This chapter was written in collaboration with Scylla.
The afternoon quickly melted into the frigid evening as Scylla and Amon hobbled out of the wilderness. They had not made time to the far west-camp as they were supposed to, but rather were forced to stop at Dzemael Darkhold.
The hold was not a usual stop for travelers, but the house-guards knew that the cold nights would leave nothing but frozen corpses to clean up at the door. The guards were not altogether friendly, and they kept their distance from the pair.
Scylla was glad enough for the space as she saw to Amon’s wounds. She had been quiet for most the afternoon and evening, saying little to the bard as she tended his injuries by the warmth.
The healing magic saved Amon from death, but the white mage knew that it would not fix everything. The bard did the best he could to cover up his pain with his wild grins and soppy librettos, but the damage was done. All the work on the ship on physical coordination was for naught, and they would have to start again.
I almost let him die. What’s wrong with me?
The guilt would come and go in waves. She kept herself busy, wrapping Amon’s bit-up limbs in fresh bandages, and checking for fever or infection.
I almost -killed- Amon. He might be insane, and thinks he’s an Allagan monster, but he certainly doesn’t deserve to die.
She wondered if maybe Amon’s condition was contagious – whether she might be driven to insanity? She remembered the voices in her head. Though the cruel voice in her head was gone, the memory lingered.
I nearly killed an innocent today. And some part of me that I don’t remember wanted it to happen.
The actions made Scylla question whether she really wanted to remember what she was before her life in Gridania. Whether there was some dark secret life before she came into the service of the Conjury guild.
What if I was something evil in the past? Is it really a past that I want to remember? Or should I let that person die?
Scylla swallowed, her face traced with lines of deep worry.
But I promised Amon that I would take him to the Allagan Tower. He certainly can’t do it by himself, even if he was in better condition.
The white mage shakily stirred the soup in Amon’s bowl, gingerly looking at him with a deep pang of guilt.
“Amon.” She stumbled as she spoke his name. “I’m sorry for getting you into this mess today.”
She was vulnerable and her eyes did nothing to hide the shame she felt.
“I don’t know what got into me… it was as if I wasn’t myself.”
Amon squinted at her with a frown. “Why are you apologizing? You wouldn’t be out here in the snows if it weren’t for me. And I would likely not be here right now had you not stepped in. You have nothing to feel sorry about.”
He knew, deep down, he didn’t deserve her kindness. Here he was, leading her into a situation where he intended to exploit her birthright… and yet, she was expressing guilt. Any other time, he’d find the irony of the situation delicious. But right now, he just wasn’t feeling it.
“I suppose if I were in your shoes, and someone told me what I told you earlier, I’d flee as well. ‘Twas my fault for saying more than you wanted to hear.”
The bard chuckled with a somber sound. She was working with him willingly now and everything could still pan out the way he hoped. So why was it his enthusiasm for the whole plan was fading?
“I’m not foolish enough to think you’d believe me so easily. And I’m not going to ask you to. Simply, keep an open mind. Know that no one can pass judgment on a whole nation of people who existed in a time before the memory of modern man.”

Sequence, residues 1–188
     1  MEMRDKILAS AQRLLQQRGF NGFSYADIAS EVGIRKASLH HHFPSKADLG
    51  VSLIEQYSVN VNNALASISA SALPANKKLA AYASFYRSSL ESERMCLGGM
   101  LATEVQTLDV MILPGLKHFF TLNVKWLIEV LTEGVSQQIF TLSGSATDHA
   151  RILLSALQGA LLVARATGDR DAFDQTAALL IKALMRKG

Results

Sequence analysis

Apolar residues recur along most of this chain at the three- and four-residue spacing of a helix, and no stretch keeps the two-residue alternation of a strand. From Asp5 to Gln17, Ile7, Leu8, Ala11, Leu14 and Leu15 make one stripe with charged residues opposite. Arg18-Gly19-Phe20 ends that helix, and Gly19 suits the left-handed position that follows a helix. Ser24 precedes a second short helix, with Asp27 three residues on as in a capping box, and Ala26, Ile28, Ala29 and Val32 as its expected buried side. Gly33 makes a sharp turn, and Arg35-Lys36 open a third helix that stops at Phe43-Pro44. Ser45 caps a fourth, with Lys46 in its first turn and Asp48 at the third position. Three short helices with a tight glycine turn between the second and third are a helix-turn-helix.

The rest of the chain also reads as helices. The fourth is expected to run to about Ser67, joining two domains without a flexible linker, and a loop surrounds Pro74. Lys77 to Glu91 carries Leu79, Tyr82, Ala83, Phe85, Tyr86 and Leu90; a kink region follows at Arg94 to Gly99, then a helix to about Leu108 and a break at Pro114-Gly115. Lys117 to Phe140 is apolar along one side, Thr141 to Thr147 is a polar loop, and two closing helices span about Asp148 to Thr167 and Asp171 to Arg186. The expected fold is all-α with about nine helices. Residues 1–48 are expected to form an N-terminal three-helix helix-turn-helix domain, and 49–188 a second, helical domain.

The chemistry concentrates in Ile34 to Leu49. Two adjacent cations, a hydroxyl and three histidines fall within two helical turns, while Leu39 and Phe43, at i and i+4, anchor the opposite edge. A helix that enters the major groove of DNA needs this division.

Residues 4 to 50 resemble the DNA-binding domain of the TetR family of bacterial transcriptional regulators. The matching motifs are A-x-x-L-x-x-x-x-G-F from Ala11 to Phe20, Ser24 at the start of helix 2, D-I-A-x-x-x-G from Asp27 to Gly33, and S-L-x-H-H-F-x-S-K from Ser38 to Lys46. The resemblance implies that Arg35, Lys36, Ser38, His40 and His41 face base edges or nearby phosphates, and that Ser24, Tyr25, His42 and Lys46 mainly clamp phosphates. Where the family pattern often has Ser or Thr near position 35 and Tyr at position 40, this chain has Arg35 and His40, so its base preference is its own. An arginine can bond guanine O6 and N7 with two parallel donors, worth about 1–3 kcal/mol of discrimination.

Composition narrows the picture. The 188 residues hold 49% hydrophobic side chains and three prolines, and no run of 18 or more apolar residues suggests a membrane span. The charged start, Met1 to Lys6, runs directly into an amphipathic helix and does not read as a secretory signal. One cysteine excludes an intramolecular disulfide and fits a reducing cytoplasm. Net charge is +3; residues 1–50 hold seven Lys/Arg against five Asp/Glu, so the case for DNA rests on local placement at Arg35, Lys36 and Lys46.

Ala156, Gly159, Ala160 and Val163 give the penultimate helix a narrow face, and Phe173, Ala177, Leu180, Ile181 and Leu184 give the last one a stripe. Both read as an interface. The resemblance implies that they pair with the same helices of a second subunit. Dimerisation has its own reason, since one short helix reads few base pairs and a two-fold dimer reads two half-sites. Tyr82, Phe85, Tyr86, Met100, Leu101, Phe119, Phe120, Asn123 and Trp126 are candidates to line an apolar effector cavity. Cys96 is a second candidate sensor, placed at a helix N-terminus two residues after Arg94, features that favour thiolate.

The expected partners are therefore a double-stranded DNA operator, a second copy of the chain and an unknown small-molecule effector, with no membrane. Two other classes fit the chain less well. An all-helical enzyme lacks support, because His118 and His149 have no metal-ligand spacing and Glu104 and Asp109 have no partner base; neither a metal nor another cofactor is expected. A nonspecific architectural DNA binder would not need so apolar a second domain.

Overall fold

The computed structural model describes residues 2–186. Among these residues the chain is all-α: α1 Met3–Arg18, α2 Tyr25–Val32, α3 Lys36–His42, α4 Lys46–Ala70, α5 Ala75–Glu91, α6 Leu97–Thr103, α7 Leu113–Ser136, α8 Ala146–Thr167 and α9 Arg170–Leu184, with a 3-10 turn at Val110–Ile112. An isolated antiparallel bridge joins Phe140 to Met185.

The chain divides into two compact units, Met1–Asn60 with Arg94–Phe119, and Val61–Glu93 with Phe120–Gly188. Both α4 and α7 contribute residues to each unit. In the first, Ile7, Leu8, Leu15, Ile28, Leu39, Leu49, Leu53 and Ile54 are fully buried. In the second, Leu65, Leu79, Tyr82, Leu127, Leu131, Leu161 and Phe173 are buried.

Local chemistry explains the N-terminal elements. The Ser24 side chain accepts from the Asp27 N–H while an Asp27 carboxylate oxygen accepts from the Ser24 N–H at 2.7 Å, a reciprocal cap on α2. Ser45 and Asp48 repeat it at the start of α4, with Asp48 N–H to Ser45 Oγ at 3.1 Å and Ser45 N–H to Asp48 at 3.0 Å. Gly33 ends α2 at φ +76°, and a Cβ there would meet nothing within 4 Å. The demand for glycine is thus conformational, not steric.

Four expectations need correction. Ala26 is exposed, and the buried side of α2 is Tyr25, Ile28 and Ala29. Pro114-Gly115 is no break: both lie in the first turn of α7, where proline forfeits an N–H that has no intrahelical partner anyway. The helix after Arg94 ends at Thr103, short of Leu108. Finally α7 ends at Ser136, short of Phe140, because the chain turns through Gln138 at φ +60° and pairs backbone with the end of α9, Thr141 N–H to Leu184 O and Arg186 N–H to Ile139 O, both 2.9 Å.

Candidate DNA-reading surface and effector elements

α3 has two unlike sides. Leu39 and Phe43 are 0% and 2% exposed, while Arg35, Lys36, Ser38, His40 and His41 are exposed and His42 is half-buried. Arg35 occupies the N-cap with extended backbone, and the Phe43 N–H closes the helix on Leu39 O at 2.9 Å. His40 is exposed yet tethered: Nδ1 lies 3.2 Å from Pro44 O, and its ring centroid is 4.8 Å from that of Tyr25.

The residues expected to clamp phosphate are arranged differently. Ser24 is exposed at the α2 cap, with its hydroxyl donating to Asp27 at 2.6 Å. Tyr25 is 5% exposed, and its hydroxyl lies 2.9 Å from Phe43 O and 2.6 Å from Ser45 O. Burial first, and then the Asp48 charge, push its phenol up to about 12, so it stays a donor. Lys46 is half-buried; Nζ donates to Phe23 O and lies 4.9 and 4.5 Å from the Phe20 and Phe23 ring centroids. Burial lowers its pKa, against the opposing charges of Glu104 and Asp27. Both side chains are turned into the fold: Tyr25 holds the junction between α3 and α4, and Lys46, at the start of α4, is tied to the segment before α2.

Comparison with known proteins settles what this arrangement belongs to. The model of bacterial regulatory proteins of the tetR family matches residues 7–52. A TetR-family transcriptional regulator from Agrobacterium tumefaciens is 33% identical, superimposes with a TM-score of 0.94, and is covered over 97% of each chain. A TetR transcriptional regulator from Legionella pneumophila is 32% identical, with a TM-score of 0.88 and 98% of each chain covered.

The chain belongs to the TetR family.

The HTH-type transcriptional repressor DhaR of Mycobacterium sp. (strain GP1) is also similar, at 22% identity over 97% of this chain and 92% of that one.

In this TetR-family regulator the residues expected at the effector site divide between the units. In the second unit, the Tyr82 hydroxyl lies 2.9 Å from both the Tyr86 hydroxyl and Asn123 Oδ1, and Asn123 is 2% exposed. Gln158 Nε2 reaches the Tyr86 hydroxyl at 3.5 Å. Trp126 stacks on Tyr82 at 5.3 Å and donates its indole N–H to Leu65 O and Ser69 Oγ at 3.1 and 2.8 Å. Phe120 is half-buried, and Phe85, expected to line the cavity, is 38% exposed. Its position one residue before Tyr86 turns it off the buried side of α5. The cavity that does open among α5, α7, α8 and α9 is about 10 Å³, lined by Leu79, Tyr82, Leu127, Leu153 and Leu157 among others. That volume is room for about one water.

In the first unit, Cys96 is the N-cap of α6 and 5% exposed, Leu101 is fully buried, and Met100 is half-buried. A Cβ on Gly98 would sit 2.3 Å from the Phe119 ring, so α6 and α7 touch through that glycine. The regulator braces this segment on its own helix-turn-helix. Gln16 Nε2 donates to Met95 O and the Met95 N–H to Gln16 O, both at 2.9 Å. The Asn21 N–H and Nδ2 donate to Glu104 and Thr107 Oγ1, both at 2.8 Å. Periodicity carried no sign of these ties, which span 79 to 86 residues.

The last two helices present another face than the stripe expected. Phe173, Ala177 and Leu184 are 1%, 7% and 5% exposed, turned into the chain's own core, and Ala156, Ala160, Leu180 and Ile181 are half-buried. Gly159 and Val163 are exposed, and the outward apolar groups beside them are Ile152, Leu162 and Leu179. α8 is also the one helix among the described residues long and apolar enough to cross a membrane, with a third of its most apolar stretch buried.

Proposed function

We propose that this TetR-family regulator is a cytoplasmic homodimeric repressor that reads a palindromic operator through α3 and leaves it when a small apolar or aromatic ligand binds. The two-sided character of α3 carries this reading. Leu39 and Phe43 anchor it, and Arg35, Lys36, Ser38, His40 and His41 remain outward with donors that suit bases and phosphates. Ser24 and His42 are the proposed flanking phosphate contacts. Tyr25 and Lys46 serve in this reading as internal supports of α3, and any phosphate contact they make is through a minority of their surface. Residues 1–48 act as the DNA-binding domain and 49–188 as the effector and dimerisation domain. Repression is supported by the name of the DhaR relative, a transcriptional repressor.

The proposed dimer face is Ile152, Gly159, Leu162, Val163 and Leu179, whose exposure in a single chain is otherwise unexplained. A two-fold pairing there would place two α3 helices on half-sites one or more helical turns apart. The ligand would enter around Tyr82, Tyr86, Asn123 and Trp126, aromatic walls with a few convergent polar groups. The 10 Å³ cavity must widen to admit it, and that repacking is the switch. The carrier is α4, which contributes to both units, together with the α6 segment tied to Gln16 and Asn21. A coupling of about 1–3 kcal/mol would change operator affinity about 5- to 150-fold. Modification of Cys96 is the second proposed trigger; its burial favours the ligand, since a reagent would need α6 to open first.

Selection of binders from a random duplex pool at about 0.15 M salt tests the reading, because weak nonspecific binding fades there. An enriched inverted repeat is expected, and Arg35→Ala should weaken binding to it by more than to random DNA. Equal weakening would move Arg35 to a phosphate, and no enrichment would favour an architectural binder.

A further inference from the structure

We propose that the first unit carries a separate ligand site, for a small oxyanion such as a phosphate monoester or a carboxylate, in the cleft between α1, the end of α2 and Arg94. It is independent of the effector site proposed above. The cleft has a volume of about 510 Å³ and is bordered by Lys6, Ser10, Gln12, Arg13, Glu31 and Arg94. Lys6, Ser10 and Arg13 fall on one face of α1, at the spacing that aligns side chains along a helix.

Amon quietly cursed the softness that had slowly invaded his sensibilities more and more and fought to edge out the logic that painted the path forward so clearly. He knew what needed to be done. It was unpleasant. But it was necessary.
Once it all shook itself out, and he was in command of Syrcus Tower, he promised himself that he’d remember her momentary kindness and take that into consideration in whatever station he chose for her. Even that thought didn’t really dull the strange ache that itched the cavity in his chest.
Was this an annoyance of conscience eating away at him? He really couldn’t afford that nonsense. Not now. Not with things falling into place so nicely.
Amon stuffed all of this in the back of his mind, offering a customary wide grin. “So, did I patch up well enough? Or is this going to set us back some?”
Scylla gave a sigh of relief at Amon’s forgiveness, though she wasn’t ready to expand further on the dark thoughts of the past.
I’ll take him to his tower. And then after that, I’ll take him to Gridania and have the guild take a look at him.
She brushed off the Bard’s hat, and straightened his feather.
I’ll need the good Padjal to take a look in my head as well.
“Amon, getting to the tower is treacherous. I’ve been told that the creatures there are far more dangerous than here.” Scylla looked straight in his eyes. “Is this what you really want?”
The Elezen struggled not to flinch away from her direct eye contact as he tried to find the words to answer her question in a way that would not incriminate him for his shady desires. He knew if he said too much, even as good an actor as he was, there was a risk she’d see through him.
Right now, Scylla seemed vulnerable, fighting with her own doubts. Amon didn’t know what was playing out in her head, but he knew something he’d done and said had planted a seed of discomfort. Perhaps, the truth rang right to her, even if she didn’t want to accept it.
Not that he blamed her. Who in their right mind would choose to be an Allagan in a world that cast baleful glares at the cruel Empire of the past?
Finally he just sighed. “It might not be safe or easy, but ’tis something we must do. Maybe you’ll understand one day.”
Or maybe not.
Either way, he was what he was. There was no changing that.